Yeah snap firefox always took a while to launch for me. My real problem though was that it just seemed to ignore my systems DNS settings so I couldn’t use it to access internal websites in my VPN, and there was no simple fix for that. Just installed native firefox from some sketchy repo instead

Why from a sketchy repo?

I use just one Snap, rest are native, and a dozen or so Flatpaks and about a dozen Appimages.

Snap, flatpak, even appimages don’t always work, so all 3 suck. Everything I have ever installed from snap or flatpak has never ever run (click the .desktop file and the program doesn’t run), sometimes even appimages won’t run, whereas anything compiled from source runs just fine 99% of the time. I hope that the Arch team NEVER even considers adding these 3 garbages, otherwise I’ll have to look for another distro, which is gonna be extremely painful.

So, like what’s your use case? Professional work or just faffing about with stuff at home, procrastinating?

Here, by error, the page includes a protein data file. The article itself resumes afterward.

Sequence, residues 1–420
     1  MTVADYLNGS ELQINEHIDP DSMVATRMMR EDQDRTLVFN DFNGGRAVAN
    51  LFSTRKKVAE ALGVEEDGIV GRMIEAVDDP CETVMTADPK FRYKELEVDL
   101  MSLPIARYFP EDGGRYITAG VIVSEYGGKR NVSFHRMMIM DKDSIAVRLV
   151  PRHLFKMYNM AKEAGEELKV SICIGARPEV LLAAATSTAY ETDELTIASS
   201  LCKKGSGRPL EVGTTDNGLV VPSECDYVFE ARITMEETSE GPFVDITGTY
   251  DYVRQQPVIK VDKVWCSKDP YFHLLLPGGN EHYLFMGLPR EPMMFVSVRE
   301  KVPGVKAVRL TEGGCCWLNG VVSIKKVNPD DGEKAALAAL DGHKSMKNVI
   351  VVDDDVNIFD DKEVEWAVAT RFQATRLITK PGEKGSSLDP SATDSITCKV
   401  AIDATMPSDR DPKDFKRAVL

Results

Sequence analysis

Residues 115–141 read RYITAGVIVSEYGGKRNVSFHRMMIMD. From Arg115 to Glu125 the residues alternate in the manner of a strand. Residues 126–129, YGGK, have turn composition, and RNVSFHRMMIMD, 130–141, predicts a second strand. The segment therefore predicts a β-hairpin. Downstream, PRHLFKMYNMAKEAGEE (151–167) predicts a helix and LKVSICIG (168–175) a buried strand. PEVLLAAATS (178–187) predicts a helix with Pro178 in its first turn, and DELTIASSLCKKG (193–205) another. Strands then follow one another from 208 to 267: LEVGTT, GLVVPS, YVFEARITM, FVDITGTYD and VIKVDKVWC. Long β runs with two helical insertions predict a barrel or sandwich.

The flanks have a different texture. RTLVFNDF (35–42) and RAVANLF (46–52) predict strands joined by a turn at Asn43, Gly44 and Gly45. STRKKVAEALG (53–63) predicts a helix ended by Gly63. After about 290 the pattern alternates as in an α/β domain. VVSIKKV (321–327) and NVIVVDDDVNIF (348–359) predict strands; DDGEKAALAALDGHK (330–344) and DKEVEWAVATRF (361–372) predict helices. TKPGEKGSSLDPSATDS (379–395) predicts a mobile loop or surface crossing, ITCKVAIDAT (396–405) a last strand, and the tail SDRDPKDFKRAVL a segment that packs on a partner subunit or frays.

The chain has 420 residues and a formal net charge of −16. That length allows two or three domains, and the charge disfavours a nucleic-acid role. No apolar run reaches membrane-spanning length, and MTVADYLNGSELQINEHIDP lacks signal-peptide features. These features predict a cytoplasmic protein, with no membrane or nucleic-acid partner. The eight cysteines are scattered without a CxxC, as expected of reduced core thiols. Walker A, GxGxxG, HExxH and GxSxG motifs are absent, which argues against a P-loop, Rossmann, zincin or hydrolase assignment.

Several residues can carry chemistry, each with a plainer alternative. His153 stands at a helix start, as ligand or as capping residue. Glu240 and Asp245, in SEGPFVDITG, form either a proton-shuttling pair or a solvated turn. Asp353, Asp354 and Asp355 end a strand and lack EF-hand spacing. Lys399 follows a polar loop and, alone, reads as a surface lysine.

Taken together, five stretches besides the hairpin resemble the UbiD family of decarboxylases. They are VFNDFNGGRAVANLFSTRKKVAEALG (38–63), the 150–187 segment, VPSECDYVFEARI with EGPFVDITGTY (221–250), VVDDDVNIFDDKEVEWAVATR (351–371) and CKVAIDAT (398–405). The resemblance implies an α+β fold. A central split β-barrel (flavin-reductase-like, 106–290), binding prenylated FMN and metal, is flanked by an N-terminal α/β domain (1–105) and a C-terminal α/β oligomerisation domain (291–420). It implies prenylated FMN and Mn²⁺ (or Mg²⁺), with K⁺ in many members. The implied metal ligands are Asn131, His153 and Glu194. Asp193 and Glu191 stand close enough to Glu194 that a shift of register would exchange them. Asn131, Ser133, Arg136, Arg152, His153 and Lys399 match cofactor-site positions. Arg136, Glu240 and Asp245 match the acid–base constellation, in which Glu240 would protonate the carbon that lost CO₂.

I have no idea why someone like me, a non-professional, would turn to a corporate distribution with a “stable” release model and have it be a Canonical product or similar.

I got into linux for mainly three reasons: I could install the applications in a single neat command using the terminal (that shit was amazing coming from XP); It was not some big tech dictating and changing up my workflow on a whim; Lastly I had a moment of ethical reconing around 2016 and the ethics of FLOSS is superior.

Canonical keep doing things, trying out what sticks on a live audience and it’s generally not liked by people. To me it seems like a very unstable experience. It had its innovative days in the 00’s and it’s all appreciated but since long gone.

Often the critique aimed at Canonical and the Ubuntu team is disregared with “That’s a loud minority” – yes and no. Of the grand total of Ubuntu users there are a huge amounts of casuals and worker bees (tech folk given Ubuntu with little reason to stir up shit at their employment) who are not interested. Then there are those who are very interested in the tech behind the product, the enthusiasts - if you take into account the grand total, sure then there is a loud minority, but why would you take into account a large swath of uninterested people’s non-existing-opinions?

Sorry, went on a semi rant in order to say: if you choose a corporate distro you are going to have a corporate experience. There are independent enthusiast distributions out there that run their ship through enthusiasm and not corporate intentions.